Our passage reminds us that God will “remember no more” our sins. They are washed away in the blood. Because our sins are forgiven and forgotten through Jesus Christ, we can freely and boldly approach God without hesitation. We are free to come to God all the time because we can be made holy at any and at all times. Jesus has opened the door and He stands in the doorway beckoning us to come in. Forever. Verse 18 reads, “Where these have been forgiven, there is no longer any sacrifice for sin”. The price has been paid. Thank you Jesus.

Prayer: Praise be to the Father and to the Son! Thank you God for loving me enough to send your Son for me. Thank you Jesus, for your perfect witness, for your sacrifice for a sinner like me. Thank you for the cross. Amen.


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Simple Relationships

Reading: Mark 7: 1-8

Verse 6: “These people honor me with their lips, but their hearts are far from me”.

Today’s passage deals with who we are as opposed to who we want to appear to be. This passage applies to us as individuals and to our churches as well.

The Pharisees and religious leaders notice Jesus’ disciples doing something that they think shouldn’t be done. They are eating with unclean hands. The disciples did not wash their hands before eating. Yes, there is a practical side to this. But the religious folk aren’t concerned with this aspect. They are concerned with the spiritual implications of eating with unclean hands. By simply being in the world, one can possibly touch something that itself is unclean. If you then eat without ceremonially washing, then the sin or impurity enters you. So they ask, “Jesus, why don’t your disciples live according to the tradition of the elders”?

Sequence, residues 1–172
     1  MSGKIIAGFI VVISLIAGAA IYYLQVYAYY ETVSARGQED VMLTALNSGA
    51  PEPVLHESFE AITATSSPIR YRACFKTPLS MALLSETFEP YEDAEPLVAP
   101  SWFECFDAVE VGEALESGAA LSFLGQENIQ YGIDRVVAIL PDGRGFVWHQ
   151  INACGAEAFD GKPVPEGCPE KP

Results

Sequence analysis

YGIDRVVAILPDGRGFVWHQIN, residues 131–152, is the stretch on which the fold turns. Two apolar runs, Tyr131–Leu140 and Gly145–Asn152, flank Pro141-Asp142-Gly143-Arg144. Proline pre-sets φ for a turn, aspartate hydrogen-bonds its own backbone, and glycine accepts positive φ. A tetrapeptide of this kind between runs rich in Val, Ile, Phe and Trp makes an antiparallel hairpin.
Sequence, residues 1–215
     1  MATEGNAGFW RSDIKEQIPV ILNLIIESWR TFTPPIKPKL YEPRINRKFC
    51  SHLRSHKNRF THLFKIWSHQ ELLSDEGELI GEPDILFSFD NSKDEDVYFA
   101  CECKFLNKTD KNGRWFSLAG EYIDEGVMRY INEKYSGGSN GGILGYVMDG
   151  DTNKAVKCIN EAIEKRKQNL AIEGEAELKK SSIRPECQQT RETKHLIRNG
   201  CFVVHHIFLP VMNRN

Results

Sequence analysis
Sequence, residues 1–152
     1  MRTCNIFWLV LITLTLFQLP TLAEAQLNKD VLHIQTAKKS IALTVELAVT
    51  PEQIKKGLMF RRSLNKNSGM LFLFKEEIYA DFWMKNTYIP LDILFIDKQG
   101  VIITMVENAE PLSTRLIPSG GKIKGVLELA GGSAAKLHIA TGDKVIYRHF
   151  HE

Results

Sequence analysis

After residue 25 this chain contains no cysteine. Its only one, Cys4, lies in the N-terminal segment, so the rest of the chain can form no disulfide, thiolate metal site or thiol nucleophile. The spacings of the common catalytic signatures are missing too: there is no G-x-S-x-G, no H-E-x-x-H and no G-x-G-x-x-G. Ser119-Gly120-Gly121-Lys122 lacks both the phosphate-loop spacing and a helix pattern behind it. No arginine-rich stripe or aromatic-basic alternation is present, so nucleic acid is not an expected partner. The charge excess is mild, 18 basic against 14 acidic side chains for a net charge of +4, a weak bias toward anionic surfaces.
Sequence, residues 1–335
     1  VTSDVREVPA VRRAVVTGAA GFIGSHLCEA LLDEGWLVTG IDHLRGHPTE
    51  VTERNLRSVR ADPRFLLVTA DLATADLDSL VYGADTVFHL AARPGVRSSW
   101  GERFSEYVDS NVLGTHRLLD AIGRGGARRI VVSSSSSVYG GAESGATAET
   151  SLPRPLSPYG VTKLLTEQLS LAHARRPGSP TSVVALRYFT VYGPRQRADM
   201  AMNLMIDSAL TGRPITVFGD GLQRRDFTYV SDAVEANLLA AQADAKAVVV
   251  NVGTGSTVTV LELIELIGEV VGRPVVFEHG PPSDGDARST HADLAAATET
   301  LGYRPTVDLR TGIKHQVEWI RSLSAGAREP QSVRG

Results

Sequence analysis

Jesus does not really answer their question. He turns the subject back on them. Jesus quotes from Isaiah 29:13, saying, “These people honor me with their lips, but their hearts are far from me”. The religious folks know what to say. They also ought to know why they are saying it. They have lost their connection with the source of the Law. Over the years the Torah or law has grown to the point of being cumbersome. Many of the traditions or rules are things that man has added over time. The intent was to help people follow the law, but it has become a long list of things to do or to check off the list. It has moved far away from worshipping God. Jesus reflects, “You have let go of the commandments of God and are holding onto the traditions of men”.

We too can fall into following man-made traditions or rules and can allow these to drag us far from God. If we go to church on Sunday morning but it becomes a burden or hardship, is it really worshipful to God? If we go up and eat the bread and drink the juice but do not confess and repent of our sins, is it really holy communion? If we say we are a welcoming church but do not engage the stranger who enters our midst, are we really loving all people? If we read our Bibles each day but do not apply the Word to our lives, is it really a meaningful discipline? Yes, this is just the beginning of a long list of questions.

O Lord, give us faith and not religion. Give us relationships and not lists of rules. May our faith be about simple relationships – loving you and loving neighbor. And may all we say and do and think flow from these two central commands. May it be so. Amen.


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Undignified

Reading: 2 Samuel 6: 12b-19

Verse Fourteen: “David, wearing a linen ephod, danced before the Lord with all his might”.

Today’s passage gives us two sides of worship. On the one hand we see some rituals being practiced. On the other hand we see unabashed and heart-led worship. Both “styles” or forms still have a vital place in our worship of God.